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Fred Annells

06.01.1925 – 31.5.2014

It is with great sadness that we have learned of the death of Fred Annells - Traction Owners Club member No.1.

A personal note - I first met Fred some fifty years ago at a CitroŽn Car Club event that I attended with my father and last met him in 2009 at the CitroŽn 90th Anniversary celebration.

He was always very friendly and happy to talk Tractions and is sorely missed.

Julian Marsh

As it is for most owners, the Traction was only ever a hobby for Fred who had earlier honed his engineering skills in the Fleet Air Arm as an aircraft mechanic, maintaining fighters.  Although his career then found him engineering special items in a Central Electricity Generating Board research workshop he also worked for a while as a car mechanic - and that is where he got his first taste of the Traction and was immediately hooked by the advanced design.

Incredibly Fred’s association with, and love of, the Traction did not happen in the days when they were current.  In fact his interest was only established in the late 50s by which time Tractions were decidedly “old technology” (at least by CitroŽn standards!) and had effectively lost their position as status symbols.

Within ten years of buying his first Light 15 saloon Fred had accumulated quite a collection, including his famous Light 15 Coupť, a limousine and several Cabriolets, one of which was the only RHD Big 15 Cabriolet ever built.  Fred continued buying up almost any Slough Traction that became available in order to save it - or at least the precious parts - from being lost forever. As a result he quickly earned the reputation of being the only person one needed to talk to for help and, much more importantly, spare parts.  The downside of that was his own projects often took a back seat whilst he worked on other people’s vehicles.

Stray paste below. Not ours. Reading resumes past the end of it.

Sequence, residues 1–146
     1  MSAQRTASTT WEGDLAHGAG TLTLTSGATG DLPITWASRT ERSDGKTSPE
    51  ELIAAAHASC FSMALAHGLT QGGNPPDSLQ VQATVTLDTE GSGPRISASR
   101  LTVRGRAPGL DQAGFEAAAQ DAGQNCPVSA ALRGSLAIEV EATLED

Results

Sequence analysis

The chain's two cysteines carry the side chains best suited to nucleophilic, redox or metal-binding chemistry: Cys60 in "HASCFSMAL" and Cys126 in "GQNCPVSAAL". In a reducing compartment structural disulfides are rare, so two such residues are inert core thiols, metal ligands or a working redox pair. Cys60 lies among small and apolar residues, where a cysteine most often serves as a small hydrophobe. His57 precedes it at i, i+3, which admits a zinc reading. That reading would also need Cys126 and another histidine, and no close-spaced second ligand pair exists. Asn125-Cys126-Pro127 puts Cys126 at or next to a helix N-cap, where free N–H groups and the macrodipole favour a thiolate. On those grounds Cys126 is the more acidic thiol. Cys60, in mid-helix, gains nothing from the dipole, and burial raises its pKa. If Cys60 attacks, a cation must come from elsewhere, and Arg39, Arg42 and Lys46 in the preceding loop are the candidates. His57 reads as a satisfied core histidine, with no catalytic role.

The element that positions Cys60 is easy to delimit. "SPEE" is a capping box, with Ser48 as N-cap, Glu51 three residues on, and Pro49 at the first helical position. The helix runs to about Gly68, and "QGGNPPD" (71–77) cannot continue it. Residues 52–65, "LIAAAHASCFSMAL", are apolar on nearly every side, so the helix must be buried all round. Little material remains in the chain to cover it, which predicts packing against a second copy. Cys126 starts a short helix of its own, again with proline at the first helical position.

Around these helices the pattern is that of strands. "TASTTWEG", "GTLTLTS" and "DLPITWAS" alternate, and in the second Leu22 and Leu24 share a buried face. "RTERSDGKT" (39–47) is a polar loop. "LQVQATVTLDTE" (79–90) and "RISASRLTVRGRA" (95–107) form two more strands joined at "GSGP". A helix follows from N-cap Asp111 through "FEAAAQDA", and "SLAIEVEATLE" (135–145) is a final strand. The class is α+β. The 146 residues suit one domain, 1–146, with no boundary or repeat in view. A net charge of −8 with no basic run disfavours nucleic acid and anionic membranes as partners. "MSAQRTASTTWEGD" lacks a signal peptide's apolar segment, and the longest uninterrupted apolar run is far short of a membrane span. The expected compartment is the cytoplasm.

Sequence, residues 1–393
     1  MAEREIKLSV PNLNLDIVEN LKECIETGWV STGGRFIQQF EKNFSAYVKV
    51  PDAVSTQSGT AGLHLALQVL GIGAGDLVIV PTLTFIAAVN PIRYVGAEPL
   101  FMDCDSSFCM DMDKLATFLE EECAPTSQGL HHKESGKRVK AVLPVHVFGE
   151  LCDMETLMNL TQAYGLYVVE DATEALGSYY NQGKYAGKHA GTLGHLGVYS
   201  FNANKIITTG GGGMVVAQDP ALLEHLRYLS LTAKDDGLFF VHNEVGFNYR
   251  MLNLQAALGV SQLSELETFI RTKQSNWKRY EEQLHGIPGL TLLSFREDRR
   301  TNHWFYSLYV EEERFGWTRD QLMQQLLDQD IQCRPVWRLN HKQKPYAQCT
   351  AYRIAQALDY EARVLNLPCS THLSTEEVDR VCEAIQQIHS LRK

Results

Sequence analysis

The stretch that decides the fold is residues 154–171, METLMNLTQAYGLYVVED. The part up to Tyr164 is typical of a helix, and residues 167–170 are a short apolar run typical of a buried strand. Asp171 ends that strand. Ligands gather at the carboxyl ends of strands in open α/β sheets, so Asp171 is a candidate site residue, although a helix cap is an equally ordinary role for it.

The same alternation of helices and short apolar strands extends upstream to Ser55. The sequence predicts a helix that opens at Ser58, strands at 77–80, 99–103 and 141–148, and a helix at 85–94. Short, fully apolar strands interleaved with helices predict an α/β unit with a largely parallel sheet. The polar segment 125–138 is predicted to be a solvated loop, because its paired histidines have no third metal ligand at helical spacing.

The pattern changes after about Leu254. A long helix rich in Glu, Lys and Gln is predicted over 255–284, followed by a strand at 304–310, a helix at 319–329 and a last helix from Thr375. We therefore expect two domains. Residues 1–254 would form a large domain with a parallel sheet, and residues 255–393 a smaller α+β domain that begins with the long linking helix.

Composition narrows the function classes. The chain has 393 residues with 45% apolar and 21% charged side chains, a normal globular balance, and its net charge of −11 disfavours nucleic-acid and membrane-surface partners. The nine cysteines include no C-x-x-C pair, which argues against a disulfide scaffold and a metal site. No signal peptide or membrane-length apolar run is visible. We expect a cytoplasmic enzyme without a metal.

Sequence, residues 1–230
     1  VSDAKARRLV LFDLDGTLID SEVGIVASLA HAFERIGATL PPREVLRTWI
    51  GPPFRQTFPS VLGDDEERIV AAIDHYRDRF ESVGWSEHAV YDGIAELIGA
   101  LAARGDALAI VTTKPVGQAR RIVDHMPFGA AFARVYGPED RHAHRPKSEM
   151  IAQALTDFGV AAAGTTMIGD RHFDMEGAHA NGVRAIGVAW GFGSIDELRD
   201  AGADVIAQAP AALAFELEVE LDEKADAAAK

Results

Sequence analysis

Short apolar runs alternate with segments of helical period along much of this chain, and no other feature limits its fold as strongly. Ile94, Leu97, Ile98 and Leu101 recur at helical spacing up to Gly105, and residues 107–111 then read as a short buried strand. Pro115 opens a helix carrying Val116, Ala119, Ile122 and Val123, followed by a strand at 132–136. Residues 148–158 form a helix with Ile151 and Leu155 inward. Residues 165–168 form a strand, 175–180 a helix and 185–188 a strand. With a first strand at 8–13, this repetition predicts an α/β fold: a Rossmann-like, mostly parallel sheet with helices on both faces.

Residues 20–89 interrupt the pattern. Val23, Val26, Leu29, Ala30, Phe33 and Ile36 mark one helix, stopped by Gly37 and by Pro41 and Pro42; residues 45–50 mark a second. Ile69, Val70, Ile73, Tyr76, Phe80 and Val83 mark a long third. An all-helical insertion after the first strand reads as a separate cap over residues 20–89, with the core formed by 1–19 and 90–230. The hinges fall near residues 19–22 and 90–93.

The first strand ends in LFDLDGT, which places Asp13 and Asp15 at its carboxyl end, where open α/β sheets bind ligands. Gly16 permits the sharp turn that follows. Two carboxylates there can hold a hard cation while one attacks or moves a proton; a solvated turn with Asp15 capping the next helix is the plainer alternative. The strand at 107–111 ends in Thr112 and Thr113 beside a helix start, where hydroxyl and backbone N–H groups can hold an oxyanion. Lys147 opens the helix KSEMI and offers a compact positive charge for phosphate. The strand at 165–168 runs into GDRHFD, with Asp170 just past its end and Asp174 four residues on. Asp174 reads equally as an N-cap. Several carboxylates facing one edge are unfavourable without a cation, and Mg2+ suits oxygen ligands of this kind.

When the TOC was formed in 1976, initially as a section of the CitroŽn Car Club, Fred’s allegiance still lay heavily with the CCC.  He therefore agreed to sit on both committees as one of 2 “liaison” members and made available his personal register of Tractions and owners.  Fred’s home, in the Guildford area, was also the venue for some of the earliest meetings as the fledgling club established itself.

At that time all TOC members were also CCC members and had a CCC membership number with a “T” suffix to denote Traction Owner.  However, by the time the TOC became independent of the CCC (in April 1980) the Club had no hesitation in allocating Fred membership Number 1 in acknowledgement of his expertise and the work he had done for the Club, the cars and their owners.  Thereafter he remained happy to be an ordinary member until, in recognition of his services, he was made an Honorary Life Member in 1985.

On retiring Fred relocated the family to rural Lincolnshire where he and Edna set up a home with vehicle storage and workshop space to exercise his passion to the full.  Having finally completed his numerous projects, in 2003 he decided to slow down and hang up his spanners.  With the exception of the Coupť (which was passed to his son Barry), all his vehicles were sold off.  However, the TOC also benefited because Fred generously made his vast collection of parts available to the Club - for which we shall always be grateful.

Sadly his last years were spent in poor health and he was unable to attend many meetings.  Nevertheless he continued to show a keen interest in the cars and their owners.  The 2009 75th Anniversary celebration in Arras was the last big event he was able to attend and below is a picture of him discussing Phil Allison’s Cabriolet restoration at the 2006 Annual TOC Rally in York.

© 2014 Bernard Shaw

© 2014 Bernard Shaw